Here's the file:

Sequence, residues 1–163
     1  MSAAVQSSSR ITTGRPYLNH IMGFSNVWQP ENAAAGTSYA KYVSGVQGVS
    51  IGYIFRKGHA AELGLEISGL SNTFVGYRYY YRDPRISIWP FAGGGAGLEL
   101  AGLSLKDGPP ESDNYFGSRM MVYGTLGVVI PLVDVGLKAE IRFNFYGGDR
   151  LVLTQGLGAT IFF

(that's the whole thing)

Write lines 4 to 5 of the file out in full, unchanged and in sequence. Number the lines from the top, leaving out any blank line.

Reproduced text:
   101  AGLSLKDGPP ESDNYFGSRM MVYGTLGVVI PLVDVGLKAE IRFNFYGGDR
   151  LVLTQGLGAT IFF